Johannes Vermeer’s modest celebrity gave way to obscurity after his death for over two centuries. In 19th century Vermeer was rediscovered by Gustav Friedrich Waagen and Théophile Thoré-Bürger, who attributed 66 paintings to him but only 34 paintings are universally attributed to him now. However, Vermeer's reputation found new heights so that now Johannes Vermeer is recognized as one of the greatest painters of the Dutch Golden Age.

Thursday, August 12, 2010

The cave of Orpheus' oracle in Lesbos and other stories

PD Image: The cave of Orpheus' oracle in Antissa, Lesbos, Greece

Orpheus has a special importance in Greek mythology, with the inspiration for Orphic cults, literature, poetry and drama of ancient Greece and Rome and Western classical music.

According to one myth, in the later part of his life, Orpheus disdained the worship of all gods except the sun, whom he called Apollo. One day he went to the oracle of Dionysus at Mount Pangaion to salute the sun at dawn, but was rent to pieces by Thracian Maenads for not honoring his previous patron (Dionysus) and buried him in Pieria.

Ovid’s account of his death gives it a bizarre twist: the Ciconian women, Dionysus' followers, killed him, when they were spurned by Orpheus, who had hated women after the death of his wife Eurydice, who died of a snake bite, after which he had taken only boys as his lovers. First the women threw sticks and stones at him, but his music was so powerful and beautiful that even the stones and sticks refused to hit him. However, finally, the enraged women tore him to pieces. In an Albrecht Dürer drawing a ribbon high in a tree is lettered ‘Orfeus der erst puseran’ (‘Orpheus, the first sodomite’); an interpretation of the passage in Ovid where Orpheus is said to have been ‘the first of the Thracian people to transfer his love to young boys.’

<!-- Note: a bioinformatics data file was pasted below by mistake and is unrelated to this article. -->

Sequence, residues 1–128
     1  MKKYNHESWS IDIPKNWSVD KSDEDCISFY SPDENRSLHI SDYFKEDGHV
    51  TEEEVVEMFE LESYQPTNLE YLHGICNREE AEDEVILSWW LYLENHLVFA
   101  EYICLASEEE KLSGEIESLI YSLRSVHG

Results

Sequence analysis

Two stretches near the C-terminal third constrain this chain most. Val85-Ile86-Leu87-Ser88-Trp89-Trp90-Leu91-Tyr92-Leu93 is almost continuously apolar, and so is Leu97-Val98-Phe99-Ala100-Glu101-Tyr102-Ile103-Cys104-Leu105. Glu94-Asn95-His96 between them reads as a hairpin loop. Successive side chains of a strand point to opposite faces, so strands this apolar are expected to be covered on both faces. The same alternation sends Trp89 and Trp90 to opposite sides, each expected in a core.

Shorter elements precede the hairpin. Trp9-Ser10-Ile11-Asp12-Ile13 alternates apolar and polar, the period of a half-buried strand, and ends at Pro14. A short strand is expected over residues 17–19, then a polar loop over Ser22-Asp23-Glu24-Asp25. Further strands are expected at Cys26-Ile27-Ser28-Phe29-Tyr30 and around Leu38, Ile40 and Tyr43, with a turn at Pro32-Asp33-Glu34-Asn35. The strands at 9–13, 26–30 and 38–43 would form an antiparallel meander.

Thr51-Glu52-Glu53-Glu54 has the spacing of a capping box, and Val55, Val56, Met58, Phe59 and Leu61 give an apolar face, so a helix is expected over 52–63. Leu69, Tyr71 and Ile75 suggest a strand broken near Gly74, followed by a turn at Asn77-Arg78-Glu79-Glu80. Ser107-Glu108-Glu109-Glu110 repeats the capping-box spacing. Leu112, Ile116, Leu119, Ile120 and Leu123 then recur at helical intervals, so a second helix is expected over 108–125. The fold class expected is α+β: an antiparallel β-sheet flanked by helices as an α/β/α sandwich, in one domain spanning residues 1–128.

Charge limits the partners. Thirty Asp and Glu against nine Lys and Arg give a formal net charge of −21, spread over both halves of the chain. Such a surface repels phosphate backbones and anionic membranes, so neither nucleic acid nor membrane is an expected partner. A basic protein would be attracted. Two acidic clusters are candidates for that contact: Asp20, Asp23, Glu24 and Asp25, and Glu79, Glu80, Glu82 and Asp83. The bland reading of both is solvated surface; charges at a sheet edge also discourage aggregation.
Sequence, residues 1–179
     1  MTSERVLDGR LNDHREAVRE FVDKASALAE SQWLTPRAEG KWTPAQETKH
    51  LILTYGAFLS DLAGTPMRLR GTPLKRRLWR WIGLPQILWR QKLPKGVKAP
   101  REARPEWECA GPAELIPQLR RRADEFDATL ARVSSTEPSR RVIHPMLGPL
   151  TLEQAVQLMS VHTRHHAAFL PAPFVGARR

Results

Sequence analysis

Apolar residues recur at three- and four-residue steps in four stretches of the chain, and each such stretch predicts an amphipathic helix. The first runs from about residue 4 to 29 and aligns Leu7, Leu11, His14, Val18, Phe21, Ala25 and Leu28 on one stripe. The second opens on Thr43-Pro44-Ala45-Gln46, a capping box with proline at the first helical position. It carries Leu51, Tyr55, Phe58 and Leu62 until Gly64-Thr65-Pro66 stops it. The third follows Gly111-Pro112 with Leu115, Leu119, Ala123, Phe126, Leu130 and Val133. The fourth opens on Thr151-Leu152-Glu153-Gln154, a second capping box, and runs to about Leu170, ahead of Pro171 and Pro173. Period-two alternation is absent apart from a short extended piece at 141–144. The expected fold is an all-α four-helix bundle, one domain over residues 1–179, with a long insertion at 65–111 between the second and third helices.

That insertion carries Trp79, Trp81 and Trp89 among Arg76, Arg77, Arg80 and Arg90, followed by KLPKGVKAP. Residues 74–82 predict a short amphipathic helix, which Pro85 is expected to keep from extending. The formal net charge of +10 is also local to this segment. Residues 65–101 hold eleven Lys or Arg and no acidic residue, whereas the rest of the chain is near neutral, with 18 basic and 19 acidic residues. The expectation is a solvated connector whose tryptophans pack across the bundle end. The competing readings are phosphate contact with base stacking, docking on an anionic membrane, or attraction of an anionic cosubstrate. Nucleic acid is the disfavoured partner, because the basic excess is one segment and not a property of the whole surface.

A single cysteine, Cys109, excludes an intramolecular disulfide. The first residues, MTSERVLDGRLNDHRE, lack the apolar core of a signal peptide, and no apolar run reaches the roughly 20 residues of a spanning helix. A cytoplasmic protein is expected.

His severed head and lyre, still singing mournful songs, floated down the Hebrus River (Maritsa or Evros) to the Mediterranean Sea, and the winds and waves carried them on to the shores of Lesbos island (now in Greece), where the inhabitants buried his head and a shrine was built for him near Antissa. There his oracle prophesied, until it was silenced by Apollo.

Lesbos, the Greek island located in the northeastern Aegean Sea, is the third largest Greek island and the largest of the numerous Greek islands scattered in the Aegean, and separated from Turkey by the narrow Mytilini Strait.

Interestingly, one meaning of the word lesbian is derived from the poems of Sappho, who was born in Lesbos and who wrote with emotional content towards other women. It is due to this that Lesbos and especially the town of Eresos, Sappho’s birthplace, are a hot destination for lesbian tourists/ LGBT tourism. But, the deeply conservative Greek Orthodox population of the island disapproves of it strongly. In 2008 the Lesbian islanders lost a court battle against the Homosexual and Lesbian Community of Greece. The Lesbian islanders had requested a legal injunction to bar homosexual groups from using the word ‘lesbian’ in their names, because the petitioners’ claim it violates their human rights as it is ‘insulting’, and the usage of the word ‘lesbian’ to refer to certain sexual preferences of women disgraces the people of Lesbos island.